We all know about REpublican arch-conservative politicians and no one believes that Tom Delay, Trent Lott, John Ashcroft, Saxby Chambliss, Dick Cheney, George Bush, etc actually care about the needy: what I find amazing is that many compassionate conservatives "so-called," among the ranks of the regular people, willing delude themselves that their Republican leaders care. That's tantamount to abandonment of the poor and working class.

    Anyway, I hope we can get the word out about these compassionate conservative Tom Delays and Dick Cheneys and their warm, fuzzy and snuggly policies regarding the poor and working class.

    •  Well you know the funny thing is (none)
      that the EIYC was Jack Kemp's udea.  He was a positive guy.  He saw it as lowering the marginal rate on work for poor people.  Course if there's no welfare, then you don't need a carrot.
  •  What a two face! (none)
    Bush and his cronies are TWO FACED - pure and simple.

  •  And now this (none)
    from The American Street

    http://actforvictory.org/act.php/truth/articles/bush_recovery_weakest_now_shortest/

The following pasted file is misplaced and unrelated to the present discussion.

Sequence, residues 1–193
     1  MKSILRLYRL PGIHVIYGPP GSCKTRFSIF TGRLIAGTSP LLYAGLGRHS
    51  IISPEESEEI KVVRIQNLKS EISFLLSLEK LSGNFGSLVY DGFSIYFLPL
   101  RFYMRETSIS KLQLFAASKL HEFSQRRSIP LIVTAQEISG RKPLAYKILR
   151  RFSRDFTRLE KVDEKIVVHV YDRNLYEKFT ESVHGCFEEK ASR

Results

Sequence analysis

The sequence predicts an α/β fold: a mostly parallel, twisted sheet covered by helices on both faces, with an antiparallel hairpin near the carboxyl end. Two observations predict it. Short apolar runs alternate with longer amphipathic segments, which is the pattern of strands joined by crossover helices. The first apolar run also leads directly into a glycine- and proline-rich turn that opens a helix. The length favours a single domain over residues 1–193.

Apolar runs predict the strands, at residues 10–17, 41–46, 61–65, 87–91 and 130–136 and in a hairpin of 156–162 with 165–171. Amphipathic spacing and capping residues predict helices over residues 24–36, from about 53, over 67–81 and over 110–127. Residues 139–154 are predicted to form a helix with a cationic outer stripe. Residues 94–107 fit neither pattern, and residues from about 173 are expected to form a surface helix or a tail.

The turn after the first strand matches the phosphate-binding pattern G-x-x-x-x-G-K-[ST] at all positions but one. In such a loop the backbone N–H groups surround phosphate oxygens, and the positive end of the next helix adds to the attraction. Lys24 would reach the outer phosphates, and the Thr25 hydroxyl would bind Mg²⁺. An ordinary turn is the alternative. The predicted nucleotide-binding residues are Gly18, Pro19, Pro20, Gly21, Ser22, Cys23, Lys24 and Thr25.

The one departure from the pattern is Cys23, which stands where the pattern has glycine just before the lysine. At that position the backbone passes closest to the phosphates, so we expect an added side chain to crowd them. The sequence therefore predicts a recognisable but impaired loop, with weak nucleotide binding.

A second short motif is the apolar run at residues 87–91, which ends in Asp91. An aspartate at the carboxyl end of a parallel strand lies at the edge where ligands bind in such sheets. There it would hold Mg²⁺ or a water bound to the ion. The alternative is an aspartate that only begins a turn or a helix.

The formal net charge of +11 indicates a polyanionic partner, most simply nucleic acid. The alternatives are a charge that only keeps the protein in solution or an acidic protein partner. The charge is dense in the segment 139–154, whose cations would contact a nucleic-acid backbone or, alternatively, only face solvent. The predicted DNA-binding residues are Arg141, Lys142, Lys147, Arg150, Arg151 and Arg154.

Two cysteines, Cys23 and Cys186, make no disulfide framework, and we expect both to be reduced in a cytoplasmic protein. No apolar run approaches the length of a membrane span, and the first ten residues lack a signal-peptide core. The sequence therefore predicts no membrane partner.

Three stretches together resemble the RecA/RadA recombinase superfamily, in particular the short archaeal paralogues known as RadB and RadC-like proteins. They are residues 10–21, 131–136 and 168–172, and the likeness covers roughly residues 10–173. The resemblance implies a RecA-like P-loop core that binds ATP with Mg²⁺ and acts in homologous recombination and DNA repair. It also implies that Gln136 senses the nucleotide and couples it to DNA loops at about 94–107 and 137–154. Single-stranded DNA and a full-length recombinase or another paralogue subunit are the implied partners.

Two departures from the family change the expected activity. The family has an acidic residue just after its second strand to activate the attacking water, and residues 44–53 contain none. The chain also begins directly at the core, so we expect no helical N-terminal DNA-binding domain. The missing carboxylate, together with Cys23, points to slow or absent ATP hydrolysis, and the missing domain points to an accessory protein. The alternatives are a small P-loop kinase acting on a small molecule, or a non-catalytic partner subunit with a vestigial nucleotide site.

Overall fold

With the conference board reporting that the "recovery" is over Bush has set two new economic records. Both the weakest and the shortest recovery from a recession since records have been kept. Bet a dollar it doesn't make the Sunday talks. Takers?

    "If I pay a man enough money to buy my car, he'll buy my car." Henry Ford

    by johnmorris on Sat Sep 25, 2004 at 05:25:18 PM PDT

    •  that's a bit of spin (none)
      Here's the press release on the Conference Board's website, which says
      The leading index fell again in August, the third consecutive decline, and the weakness in the last three months has become more widespread. However, these declines in the leading index have not been long enough nor deep enough to signal an end to the upward trend in the leading index underway since March 2003.

      While I realize bad economic news is bad for Shrub&Co., I refuse to buy into the idea that spreading bad news that's spun is a good way to help Kerry. Troll me if you must.

      •  I do not recall (none)
        ever trolling anybody. My understanding of the standards of the conference board was exactly what was reported by ACT and repeated on the american street. That the board has chosen to alter their opinion based on "3 of the 10 indicators", two of which have little to do with actual growth, is, of itself, spin. In my opinion the "recovery" we're talking about is largely fictional. The much touted employment increases have yet to match the growth in the work eligible population and weekly wages have continued to fall. I am not impressed, in the light of those statistics, with an increase in "the money supply".